Which stdlib functions and types should be marked as `infix`?

Scala 3.4 introduces warnings on alphanumeric method application in infix positioning if such methods are not explicitly marked with infix.

I think equals should be marked as infix, as it is naturally used in infix positioning.
Do you agree? What other stdlib functions/types do you think should be marked as infix?

Related issue:


I agree for equals, I’d also nominate zip and lazyZip, which I almost always use infix.

I also like to use union as infix.

In general operations that are symmetrical or associative, as there is no benefit to clarifying what are the operands.

Things like map, foreach, etc, I’d be against putting as infix


I think all kinds of things are naturally used in infix position. drop, append (on java.lang.StringBuilder), orElse on Option, to and until to create ranges, contains on sets and maps, etc. etc. etc…

I really don’t think the change is very well-conceived. Adding one bit of extra information to remember for every alphanumeric method is a bad way to solve the possible problem of people abusing the feature of infix method names. This is the kind of thing linters should cover, not the compiler. This is particularly true given that no general statement can be made about Java libraries. For instance "salmon" charAt 3 seems pretty bad to me, because charAt acts like apply and thus should look like it: "salmon".charAt(3). On the other hand, date plus duration reads far better than date.plus(duration).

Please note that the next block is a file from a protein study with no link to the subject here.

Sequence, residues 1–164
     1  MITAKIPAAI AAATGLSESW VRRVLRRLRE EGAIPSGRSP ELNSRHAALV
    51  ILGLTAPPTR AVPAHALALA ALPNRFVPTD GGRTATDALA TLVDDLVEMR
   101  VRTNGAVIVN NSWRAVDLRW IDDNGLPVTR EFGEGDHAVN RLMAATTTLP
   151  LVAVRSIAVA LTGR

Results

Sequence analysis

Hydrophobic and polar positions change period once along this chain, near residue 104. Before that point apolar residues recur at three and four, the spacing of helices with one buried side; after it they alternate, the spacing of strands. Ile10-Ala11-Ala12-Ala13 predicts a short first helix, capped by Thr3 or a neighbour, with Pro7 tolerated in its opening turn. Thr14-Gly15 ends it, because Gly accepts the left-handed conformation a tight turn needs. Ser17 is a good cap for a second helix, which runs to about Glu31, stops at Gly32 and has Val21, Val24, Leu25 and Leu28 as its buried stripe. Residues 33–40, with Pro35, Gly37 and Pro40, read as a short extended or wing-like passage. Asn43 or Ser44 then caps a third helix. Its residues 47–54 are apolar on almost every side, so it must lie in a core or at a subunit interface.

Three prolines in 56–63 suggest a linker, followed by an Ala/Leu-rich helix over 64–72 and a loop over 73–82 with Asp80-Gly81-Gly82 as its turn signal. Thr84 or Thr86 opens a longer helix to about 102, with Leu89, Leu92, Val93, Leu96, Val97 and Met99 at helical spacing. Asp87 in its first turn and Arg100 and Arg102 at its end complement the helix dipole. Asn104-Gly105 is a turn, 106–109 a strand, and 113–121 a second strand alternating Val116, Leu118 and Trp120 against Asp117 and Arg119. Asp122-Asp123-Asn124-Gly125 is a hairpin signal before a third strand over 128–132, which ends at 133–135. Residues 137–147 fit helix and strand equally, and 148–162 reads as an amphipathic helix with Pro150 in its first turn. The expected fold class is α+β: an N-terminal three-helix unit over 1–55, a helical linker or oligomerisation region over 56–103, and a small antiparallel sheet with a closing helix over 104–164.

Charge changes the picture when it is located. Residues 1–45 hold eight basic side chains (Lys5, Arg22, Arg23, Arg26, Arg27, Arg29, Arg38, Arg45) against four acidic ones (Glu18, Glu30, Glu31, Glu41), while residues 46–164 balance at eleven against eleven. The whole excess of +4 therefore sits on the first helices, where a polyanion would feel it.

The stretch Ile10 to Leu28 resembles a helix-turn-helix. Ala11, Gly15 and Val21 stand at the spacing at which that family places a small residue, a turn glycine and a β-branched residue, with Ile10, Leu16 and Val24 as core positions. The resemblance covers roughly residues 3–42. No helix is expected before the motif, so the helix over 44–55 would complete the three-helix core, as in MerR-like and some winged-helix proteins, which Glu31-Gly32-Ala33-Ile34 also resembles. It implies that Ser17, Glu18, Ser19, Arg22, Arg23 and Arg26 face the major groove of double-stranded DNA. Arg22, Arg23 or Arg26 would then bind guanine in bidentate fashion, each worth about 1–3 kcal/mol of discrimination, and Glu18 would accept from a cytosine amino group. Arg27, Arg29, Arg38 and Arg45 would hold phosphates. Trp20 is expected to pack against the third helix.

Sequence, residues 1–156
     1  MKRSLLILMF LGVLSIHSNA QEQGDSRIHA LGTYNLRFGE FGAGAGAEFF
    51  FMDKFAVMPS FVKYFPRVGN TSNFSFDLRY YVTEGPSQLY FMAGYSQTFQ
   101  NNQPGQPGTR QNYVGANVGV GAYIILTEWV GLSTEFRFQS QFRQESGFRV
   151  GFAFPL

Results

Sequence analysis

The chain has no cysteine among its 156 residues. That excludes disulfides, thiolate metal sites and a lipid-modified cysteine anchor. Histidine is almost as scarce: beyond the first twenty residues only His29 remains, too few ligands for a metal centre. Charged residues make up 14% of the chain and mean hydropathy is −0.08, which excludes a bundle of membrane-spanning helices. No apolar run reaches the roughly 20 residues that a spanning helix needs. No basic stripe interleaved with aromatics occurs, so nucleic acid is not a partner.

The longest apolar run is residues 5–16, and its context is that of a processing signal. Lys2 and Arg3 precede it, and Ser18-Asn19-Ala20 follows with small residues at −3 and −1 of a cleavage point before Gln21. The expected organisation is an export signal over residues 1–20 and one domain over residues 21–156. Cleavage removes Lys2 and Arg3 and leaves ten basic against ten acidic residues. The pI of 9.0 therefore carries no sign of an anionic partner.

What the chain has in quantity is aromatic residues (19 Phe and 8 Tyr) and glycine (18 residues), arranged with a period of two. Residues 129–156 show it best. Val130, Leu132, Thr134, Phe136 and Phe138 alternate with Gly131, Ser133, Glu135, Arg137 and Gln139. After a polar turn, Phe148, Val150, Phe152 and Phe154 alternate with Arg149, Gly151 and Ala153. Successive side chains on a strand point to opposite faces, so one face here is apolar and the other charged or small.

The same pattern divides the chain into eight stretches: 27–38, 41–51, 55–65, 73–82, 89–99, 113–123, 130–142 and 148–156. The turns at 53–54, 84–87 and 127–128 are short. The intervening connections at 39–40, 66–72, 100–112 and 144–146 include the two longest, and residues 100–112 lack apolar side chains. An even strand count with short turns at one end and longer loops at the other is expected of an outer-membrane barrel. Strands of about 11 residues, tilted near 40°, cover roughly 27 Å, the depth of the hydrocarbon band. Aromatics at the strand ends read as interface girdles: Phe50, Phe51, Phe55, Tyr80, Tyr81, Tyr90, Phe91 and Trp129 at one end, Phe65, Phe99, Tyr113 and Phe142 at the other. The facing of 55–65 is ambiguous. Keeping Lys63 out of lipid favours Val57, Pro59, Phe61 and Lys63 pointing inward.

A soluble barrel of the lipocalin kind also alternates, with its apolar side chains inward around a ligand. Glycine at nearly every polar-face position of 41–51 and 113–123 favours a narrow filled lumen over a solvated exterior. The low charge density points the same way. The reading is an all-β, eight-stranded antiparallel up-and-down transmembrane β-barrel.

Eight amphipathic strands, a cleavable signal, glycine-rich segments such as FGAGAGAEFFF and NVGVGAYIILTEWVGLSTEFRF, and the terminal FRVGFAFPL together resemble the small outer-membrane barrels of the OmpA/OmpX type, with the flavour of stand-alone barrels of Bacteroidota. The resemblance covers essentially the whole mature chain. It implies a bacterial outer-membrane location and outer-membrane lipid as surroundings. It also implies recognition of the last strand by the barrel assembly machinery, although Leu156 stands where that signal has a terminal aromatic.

For everything I control, I expect I will just sed 's/\(infix\)\{0,1\} def\b/infix def/' so I don’t have to worry about it, assuming I can’t just turn the warning off.


Agreed, particularly since (at least for me) the decision to use infix or not depends a lot on what’s going on where it’s called, rather than the details of the method itself.

I find this to be nice and readable:

list.reduce(_ foo _).bar // compared to list.reduce(_.foo(_)).bar

I find this significantly less so:

(a foo b).bar // compared to a.foo(b).bar

Counterpoint: I almost never use those methods infix :slight_smile:

I would be very hesitant to make any claims about what methods are more likely to be used infix, because wherever the cutoff ends up, it’s going to piss somebody off. To be honest, I kind of think having to explicitly annotate infix-capable method definitions solves a problem that isn’t actually a problem in practice.